Making Sense of your Car Insurance Policy

Making Sense of your Car Insurance Policy

Every state has minimum financial requirements for automobile insurance coverage. On top of that, each insurance company offers multiple different coverages. It can be confusing for people who are not used to dealing with insurance policies. Here is a car accident lawyer’s brief overview of the major coverages:

Liability Coverage

If you are responsible (or “at fault”) for a car accident, then your liability coverage is very important. It is the portion of your policy that requires your car insurance company to defend you from a lawsuit for injuries or property damage you may have caused. It also provides the limit (or maximum) which your insurance will pay for injuries or property damage you are legally liable for. There is a minimum requirement under state law for liability policy limits, but you can and should purchase greater limits to further protect yourself and your assets.

Personal Injury Protection: Medical Payments Coverage 

Depending on your state’s laws, you will also be able to purchase medical payments (med pay) coverage or personal injury protection (PIP) coverage. Some states require med pay or PIP coverage, but in most states, they are optional coverages you can purchase to protect yourself, family members, and passengers. These coverages typically are no-fault, so they usually apply whether you or someone else is at-fault, and they provide help paying for medical expenses.

Uninsured/Underinsured Motorist Coverage

If you are interested in protecting yourself and your family from injuries or damages if the at-fault party is uninsured or has low liability limits, then you should purchase high limits of uninsured (UM) and underinsured (UIM) motorist coverage. These coverages allow you to make a claim against your own insurance company if there is no liability insurance covering the driver who caused your injuries or if they have the minimum liability limits allowed under your state’s laws and your injuries and damages exceed those limits. These coverages allow you to avoid pursuing a personal judgment against the at-fault party (who may not have any assets you can recover) and instead allow you to recover from your insurance company and let it pursue the at-fault individual.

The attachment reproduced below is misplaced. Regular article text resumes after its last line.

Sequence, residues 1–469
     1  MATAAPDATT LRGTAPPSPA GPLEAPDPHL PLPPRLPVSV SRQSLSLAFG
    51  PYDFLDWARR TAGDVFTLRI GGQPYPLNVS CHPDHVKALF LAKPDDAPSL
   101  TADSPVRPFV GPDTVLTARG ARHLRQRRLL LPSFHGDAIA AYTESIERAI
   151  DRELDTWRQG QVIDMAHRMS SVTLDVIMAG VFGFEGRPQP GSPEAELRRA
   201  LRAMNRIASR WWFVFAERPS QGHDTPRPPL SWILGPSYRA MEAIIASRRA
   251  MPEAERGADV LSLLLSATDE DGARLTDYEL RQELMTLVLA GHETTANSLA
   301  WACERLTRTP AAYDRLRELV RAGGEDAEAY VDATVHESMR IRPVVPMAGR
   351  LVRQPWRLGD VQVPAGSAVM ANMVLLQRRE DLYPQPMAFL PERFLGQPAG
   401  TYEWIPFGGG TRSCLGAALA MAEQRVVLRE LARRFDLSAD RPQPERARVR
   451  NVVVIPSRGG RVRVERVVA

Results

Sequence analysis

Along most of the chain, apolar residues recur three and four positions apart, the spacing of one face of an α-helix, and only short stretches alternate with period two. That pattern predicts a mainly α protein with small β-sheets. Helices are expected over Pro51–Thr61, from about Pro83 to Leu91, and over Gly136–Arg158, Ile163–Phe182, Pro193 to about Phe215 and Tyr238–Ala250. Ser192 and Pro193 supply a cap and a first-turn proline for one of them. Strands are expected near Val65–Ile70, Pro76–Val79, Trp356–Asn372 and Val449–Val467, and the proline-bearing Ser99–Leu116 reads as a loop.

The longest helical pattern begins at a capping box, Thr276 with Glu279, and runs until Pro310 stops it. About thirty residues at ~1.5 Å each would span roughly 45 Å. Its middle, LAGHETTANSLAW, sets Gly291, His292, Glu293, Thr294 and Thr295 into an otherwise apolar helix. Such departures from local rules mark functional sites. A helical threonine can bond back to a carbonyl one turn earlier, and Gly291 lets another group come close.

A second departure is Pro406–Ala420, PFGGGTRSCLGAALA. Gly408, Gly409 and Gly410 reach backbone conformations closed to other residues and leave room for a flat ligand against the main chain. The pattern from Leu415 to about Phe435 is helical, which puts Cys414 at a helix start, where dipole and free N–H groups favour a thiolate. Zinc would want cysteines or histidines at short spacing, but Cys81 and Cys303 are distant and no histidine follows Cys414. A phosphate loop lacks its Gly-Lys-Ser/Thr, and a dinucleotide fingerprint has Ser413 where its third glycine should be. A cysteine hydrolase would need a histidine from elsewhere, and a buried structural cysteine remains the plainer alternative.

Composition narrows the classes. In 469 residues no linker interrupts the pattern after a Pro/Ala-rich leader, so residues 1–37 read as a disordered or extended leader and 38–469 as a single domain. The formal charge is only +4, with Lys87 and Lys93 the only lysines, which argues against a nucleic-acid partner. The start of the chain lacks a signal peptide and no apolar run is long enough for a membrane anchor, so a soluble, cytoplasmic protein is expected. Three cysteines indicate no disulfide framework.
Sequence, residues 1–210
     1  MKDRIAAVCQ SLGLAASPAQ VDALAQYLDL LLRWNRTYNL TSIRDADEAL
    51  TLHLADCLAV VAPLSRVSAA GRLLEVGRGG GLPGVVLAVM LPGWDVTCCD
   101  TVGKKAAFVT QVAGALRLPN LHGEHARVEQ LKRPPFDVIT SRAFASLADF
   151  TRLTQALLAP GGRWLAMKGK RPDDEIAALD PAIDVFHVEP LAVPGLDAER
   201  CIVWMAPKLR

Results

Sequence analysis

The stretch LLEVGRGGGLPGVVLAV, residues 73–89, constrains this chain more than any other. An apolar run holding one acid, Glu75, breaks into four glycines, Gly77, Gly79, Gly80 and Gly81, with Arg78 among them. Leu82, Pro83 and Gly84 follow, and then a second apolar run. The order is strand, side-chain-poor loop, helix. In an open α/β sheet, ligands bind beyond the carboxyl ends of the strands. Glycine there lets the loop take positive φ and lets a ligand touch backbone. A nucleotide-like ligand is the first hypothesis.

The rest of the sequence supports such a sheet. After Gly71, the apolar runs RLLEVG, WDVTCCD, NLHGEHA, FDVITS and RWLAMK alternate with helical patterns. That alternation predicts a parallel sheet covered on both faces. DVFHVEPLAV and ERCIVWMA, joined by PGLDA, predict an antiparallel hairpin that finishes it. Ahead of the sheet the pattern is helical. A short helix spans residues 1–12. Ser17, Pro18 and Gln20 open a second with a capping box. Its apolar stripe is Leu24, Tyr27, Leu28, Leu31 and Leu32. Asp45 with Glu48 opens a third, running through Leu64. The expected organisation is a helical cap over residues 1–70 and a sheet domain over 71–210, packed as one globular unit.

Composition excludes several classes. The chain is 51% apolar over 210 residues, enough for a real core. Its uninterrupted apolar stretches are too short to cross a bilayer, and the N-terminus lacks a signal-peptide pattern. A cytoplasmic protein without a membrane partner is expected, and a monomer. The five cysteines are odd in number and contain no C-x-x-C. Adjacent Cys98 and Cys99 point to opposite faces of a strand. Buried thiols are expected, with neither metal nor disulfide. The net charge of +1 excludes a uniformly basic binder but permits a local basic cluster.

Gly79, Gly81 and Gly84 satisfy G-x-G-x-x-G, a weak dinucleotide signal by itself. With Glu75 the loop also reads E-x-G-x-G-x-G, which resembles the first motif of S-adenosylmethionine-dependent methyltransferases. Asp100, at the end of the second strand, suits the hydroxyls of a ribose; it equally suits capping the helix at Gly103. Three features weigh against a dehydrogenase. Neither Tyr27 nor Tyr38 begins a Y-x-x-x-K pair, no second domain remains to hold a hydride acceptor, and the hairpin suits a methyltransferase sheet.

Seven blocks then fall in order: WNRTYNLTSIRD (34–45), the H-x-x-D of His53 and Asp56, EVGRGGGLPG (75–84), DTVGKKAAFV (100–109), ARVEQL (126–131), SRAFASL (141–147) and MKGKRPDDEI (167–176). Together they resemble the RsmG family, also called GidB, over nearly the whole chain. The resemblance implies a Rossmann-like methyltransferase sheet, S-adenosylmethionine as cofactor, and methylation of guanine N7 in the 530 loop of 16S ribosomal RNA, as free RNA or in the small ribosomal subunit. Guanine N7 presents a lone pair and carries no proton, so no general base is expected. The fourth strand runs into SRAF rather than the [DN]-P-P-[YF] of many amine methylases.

Property Damage Coverage: Comprehensive and Collision

If you financed your vehicle when you purchased it, you will likely be required to carry property damage coverage on your own automobile insurance policy. This coverage allows you to seek repairs or the total loss value of your vehicle from your insurance company after it has been damaged. There is typically a deductible required if you make a claim; however, if your insurance company ultimately pursues another party or insurance company to recover what it paid to you for your damage, then you will often be refunded that deductible amount. This coverage is crucial because it will allow you to get your car fixed even if the at-fault insurance company denies your claim.

This post is just a brief overview of the many complicated coverages in a typical car insurance policy. All these coverages have exclusions and might apply in situations where they do not appear to at first glance. It is imperative that you call car accident attorneys, like the attorneys at Garrett, Walker, Aycoth & Olson, Attorneys at Law, if you are involved in an accident to make sure you understand the coverages that apply to your accident!

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